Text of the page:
Annaleigh Ashford will be portraying Academy Award winning actress Judy Holliday in the upcoming biopic Smart Blonde.
Holliday’s story certainly has resonance for today’s audiences as she was outspoken about having to fend off a sexual advance from 20th Century Fox mogul Darryl F. Zanuck during her early film career as a day player on the studio lot. Holliday found herself scheduled for one of Zanuck’s infamous “four o’clock meetings,” in which young starlets were expected to have sex with the executive. When Zanuck unzipped his pants and tried to pin Holliday down on a couch, she was able to fend him off and leave. The incident prompted her to temporarily abandon her nascent Hollywood career and head for the footlights of Broadway.
A native New Yorker, Holliday got her showbusiness start in the nightclub act The Revuers, performing alongside future Broadway show composers Betty Comden and Adolph Green and others. She landed her first film role, in Fox’s 1944 drama Winged Victory, right as The Revuers was breaking up. She made her Broadway debut a year later in Kiss Them For me.
Holliday’s biggest success came in 1946, when she landed the lead in the smash Broadway comedy Born Yesterday. While she received rave reviews for her role as the scatterbrained Billie, when Columbia Pictures bought the screen rights to the show, studio boss Harry Cohn was hesitant in casting Holliday given her lack of motion picture experience. He was more interested in casting the likes of Rita Heyworth, Gloria Grahame or Jean Arthur in the role.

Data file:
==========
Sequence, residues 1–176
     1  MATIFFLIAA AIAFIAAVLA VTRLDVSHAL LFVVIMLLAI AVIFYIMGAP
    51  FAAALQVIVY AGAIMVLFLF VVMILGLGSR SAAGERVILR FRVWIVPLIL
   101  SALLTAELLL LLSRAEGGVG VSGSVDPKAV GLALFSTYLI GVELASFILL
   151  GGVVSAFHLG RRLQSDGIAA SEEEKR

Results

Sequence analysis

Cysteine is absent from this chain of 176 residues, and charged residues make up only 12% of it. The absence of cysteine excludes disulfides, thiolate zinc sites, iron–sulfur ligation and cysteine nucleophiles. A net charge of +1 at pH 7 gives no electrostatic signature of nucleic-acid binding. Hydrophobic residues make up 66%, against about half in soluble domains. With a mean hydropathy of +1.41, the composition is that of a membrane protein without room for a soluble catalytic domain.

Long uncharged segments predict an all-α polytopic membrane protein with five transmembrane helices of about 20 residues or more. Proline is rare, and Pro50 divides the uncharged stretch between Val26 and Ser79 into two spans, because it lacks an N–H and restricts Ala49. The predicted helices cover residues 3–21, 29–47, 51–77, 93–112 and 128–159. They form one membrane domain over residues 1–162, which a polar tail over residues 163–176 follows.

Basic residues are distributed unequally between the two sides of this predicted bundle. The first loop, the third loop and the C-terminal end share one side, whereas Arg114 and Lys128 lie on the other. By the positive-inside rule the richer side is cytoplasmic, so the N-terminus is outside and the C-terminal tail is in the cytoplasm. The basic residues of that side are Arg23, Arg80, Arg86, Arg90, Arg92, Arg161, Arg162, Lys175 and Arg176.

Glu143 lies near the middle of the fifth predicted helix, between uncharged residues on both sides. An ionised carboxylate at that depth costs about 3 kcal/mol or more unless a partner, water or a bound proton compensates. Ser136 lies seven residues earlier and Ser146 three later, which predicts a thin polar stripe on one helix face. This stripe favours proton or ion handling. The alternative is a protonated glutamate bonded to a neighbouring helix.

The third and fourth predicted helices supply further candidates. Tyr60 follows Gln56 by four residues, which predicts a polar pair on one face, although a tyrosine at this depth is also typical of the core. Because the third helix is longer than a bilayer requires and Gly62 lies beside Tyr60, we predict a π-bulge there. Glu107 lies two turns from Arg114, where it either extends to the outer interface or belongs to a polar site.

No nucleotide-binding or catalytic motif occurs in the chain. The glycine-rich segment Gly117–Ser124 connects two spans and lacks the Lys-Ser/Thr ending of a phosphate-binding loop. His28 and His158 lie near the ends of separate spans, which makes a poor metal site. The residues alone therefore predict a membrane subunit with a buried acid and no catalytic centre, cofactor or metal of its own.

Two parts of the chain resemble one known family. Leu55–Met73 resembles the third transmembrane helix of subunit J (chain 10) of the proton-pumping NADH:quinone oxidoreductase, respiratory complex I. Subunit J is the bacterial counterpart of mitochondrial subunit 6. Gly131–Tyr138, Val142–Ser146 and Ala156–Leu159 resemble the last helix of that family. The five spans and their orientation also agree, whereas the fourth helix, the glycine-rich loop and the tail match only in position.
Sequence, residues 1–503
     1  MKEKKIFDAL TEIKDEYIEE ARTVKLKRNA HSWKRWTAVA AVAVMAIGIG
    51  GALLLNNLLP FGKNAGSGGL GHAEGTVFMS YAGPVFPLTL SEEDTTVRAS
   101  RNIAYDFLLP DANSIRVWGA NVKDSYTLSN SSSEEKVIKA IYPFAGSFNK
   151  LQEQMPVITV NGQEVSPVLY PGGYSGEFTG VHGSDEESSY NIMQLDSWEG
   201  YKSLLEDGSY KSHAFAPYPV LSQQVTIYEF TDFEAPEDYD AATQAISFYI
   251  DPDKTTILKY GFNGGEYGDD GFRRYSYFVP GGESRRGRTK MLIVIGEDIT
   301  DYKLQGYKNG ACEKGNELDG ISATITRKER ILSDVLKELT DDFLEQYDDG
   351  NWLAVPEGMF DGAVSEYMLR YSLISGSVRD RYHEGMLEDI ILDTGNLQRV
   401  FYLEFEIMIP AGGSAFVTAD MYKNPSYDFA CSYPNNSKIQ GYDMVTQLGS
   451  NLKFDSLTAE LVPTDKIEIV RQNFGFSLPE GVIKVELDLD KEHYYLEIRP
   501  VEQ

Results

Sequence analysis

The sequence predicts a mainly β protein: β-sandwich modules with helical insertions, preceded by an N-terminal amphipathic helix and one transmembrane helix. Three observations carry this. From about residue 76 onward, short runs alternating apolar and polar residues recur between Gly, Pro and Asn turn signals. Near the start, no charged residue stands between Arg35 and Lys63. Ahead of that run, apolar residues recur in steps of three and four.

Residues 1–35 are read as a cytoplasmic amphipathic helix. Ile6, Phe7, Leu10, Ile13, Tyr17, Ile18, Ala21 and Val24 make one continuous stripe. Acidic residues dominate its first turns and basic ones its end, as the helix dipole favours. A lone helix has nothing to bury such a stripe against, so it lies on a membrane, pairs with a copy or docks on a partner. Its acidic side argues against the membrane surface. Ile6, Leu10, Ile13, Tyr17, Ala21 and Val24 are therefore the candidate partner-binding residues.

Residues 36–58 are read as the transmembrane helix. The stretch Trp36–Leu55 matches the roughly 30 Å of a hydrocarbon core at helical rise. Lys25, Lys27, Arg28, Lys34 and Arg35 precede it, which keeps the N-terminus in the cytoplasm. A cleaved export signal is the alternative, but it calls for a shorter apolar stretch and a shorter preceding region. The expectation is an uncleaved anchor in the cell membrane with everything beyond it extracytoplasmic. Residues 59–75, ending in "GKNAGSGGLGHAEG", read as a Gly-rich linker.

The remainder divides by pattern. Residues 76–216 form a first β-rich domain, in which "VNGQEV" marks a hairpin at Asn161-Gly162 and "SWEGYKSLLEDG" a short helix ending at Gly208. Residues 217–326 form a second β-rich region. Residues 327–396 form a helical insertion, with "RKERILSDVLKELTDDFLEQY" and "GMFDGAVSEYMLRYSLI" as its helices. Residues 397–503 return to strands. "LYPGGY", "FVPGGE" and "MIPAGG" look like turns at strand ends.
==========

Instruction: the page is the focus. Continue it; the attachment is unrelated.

Born Yesterday playwright Garson Kanin teamed up with Spencer Tracy, Katherine Hepburn and director George Cukor to get Holliday a key supporting role in the upcoming Cukor-directed comedy Adam’s Rib as a way to show Cohn that Holliday could handle being front and center in a film. Even then, Cohn still demanded a screen test for Holliday, even though he would say that it was a “benchmark against which to evaluate” other actresses under consideration for the role. She would go one to win both a Golden Globe and the Oscar for Best actress for her work on the film.
Currently no director is attached to the project. Pulitzer-nominated playwright Willy Holtzman is writing the screenplay.